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In a new study published this month in the
In a new study published this month in the British Medical Journal, researchers sought to review the evidence of effectiveness of physical interventions to interrupt or reduce the spread of respiratory viruses.
The researchers culled data from a number of sources for their literature review, including the Cochrane Library, Medline, OldMedline, Embase, and CINAHL, and looked at studies of any intervention to prevent the transmission of respiratory viruses (isolation, quarantine, social distancing, barriers, personal protection and hygiene).
The researchers looked at 59 studies; meta-analysis of six case-control studies suggested that physical measures are highly effective in preventing the spread of severe acute respiratory syndrome: handwashing more than 10 times daily (odds ratio 0.45, 95% confidence interval 0.36 to 0.57; number needed to treat=4, 95% confidence interval 3.65 to 5.52), wearing masks (0.32, 0.25 to 0.40; NNT=6, 4.54 to 8.03), wearing N95 masks (0.09, 0.03 to 0.30; NNT=3, 2.37 to 4.06), wearing gloves (0.43, 0.29 to 0.65; NNT=5, 4.15 to 15.41), wearing gowns (0.23, 0.14 to 0.37; NNT=5, 3.37 to 7.12), and handwashing, masks, gloves, and gowns combined (0.09, 0.02 to 0.35; NNT=3, 2.66 to 4.97). The combination was also effective in interrupting the spread of influenza within households.
The researchers found that the highest quality cluster randomized trials suggested that spread of respiratory viruses can be prevented by hygienic measures in younger children and within households. They also found that evidence that N95 masks were superior to simple surgical masks was limited, and that the incremental effect of adding virucidals or antiseptics to normal handwashing to reduce respiratory disease remains uncertain. They discovered limited evidence of the effectiveness of social distancing.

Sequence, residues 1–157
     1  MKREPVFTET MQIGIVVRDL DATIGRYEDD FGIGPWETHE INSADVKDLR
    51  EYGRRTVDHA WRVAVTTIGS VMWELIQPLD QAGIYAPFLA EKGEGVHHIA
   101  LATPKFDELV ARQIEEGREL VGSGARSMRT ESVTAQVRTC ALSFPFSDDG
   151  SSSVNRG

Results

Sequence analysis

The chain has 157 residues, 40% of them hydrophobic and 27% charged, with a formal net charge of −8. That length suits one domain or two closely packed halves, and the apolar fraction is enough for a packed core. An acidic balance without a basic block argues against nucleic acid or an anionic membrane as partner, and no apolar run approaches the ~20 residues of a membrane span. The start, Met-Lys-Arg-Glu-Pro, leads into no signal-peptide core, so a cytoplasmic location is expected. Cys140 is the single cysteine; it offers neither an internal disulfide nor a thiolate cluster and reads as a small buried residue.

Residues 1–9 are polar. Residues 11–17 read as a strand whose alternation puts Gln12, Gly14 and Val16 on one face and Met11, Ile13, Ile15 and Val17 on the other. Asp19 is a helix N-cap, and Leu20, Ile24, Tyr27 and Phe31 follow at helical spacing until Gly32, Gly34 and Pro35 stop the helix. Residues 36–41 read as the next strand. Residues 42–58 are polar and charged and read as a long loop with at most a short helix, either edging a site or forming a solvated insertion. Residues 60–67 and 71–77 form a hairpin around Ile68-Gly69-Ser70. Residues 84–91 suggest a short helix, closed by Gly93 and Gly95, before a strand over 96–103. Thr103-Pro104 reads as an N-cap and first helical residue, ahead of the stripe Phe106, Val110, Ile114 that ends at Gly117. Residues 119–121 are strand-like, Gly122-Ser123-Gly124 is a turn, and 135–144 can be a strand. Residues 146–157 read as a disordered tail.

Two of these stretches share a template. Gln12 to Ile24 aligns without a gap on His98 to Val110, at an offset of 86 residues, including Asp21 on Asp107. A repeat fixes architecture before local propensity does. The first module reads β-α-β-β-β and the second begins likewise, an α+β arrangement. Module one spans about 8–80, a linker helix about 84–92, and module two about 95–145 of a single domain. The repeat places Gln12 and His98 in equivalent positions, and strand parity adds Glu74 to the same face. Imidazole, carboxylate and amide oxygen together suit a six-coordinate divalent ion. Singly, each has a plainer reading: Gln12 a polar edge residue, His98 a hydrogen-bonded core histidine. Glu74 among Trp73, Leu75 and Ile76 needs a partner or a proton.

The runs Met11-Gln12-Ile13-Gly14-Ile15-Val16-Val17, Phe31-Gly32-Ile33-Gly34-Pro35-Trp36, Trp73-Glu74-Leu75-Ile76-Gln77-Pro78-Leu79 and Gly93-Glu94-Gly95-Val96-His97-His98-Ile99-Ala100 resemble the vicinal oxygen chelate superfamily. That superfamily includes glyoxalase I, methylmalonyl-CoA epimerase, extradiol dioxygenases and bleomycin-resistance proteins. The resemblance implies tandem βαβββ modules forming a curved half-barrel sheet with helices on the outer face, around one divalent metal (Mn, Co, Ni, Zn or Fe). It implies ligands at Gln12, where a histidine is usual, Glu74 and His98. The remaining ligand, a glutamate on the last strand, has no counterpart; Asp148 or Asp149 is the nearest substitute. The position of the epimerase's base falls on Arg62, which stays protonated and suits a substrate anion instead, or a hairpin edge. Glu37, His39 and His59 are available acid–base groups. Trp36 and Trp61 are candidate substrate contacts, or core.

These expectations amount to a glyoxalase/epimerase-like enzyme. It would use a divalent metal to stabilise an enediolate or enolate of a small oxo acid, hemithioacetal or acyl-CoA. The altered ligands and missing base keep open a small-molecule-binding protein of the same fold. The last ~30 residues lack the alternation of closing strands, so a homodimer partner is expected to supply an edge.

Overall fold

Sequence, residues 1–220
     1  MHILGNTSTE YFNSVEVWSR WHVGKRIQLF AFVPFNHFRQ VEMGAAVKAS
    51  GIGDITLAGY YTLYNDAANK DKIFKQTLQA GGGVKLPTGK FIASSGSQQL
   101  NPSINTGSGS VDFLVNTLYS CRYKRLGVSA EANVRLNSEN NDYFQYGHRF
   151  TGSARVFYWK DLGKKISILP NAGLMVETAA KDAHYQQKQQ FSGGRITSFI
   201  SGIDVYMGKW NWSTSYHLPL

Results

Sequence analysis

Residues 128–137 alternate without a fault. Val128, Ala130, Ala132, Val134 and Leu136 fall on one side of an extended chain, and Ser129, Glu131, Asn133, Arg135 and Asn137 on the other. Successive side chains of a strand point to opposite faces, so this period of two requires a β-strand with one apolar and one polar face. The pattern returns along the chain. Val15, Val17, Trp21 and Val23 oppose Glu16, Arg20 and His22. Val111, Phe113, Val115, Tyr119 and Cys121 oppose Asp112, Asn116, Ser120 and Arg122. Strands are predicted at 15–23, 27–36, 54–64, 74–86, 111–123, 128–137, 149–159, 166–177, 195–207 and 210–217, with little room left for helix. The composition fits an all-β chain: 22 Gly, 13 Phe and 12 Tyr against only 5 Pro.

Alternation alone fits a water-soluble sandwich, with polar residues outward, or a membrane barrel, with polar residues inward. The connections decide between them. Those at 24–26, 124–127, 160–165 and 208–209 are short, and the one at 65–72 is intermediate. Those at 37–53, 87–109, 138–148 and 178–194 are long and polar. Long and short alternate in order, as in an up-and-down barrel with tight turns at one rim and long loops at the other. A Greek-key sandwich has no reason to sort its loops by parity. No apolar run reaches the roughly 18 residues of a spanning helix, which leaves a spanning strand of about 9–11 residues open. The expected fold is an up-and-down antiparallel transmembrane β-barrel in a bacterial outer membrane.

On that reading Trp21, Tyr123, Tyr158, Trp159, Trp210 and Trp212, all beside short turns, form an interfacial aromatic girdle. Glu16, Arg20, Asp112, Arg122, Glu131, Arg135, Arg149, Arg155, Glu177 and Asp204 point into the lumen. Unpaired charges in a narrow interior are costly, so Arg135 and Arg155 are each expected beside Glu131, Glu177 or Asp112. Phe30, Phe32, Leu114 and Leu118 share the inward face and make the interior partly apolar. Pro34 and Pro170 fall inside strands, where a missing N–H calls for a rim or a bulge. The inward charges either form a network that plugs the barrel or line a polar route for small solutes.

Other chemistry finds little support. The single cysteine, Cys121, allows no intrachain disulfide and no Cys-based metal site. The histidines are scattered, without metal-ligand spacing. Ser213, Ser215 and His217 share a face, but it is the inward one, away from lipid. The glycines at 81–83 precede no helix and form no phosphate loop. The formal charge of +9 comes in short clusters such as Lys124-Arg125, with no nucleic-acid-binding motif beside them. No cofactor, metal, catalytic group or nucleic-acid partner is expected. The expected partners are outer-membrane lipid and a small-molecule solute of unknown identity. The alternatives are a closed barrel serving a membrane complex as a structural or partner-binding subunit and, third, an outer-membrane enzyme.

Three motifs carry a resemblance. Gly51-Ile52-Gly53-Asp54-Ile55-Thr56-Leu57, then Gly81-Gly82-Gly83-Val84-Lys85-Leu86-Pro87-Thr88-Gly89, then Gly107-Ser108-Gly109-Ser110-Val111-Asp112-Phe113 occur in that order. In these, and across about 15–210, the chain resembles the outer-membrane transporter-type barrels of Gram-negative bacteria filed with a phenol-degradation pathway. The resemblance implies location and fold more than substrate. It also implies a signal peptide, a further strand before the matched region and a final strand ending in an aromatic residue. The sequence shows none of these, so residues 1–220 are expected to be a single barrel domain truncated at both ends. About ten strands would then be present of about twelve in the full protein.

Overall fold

The researchers concluded that routine, long-term implementation of some of the measures to interrupt or reduce the spread of respiratory viruses might be difficult; however, many simple and low-cost interventions reduce the transmission of epidemic respiratory viruses. They say that additional resources should be invested into studying which physical interventions are the most effective, flexible and cost-effective means of minimizing the impact of acute respiratory tract infections.
To access this review, CLICK HERE.
Reference: Jefferson T, et al. Physical interventions to interrupt or reduce the spread of respiratory viruses: systematic review. BMJ 2009;339:b3675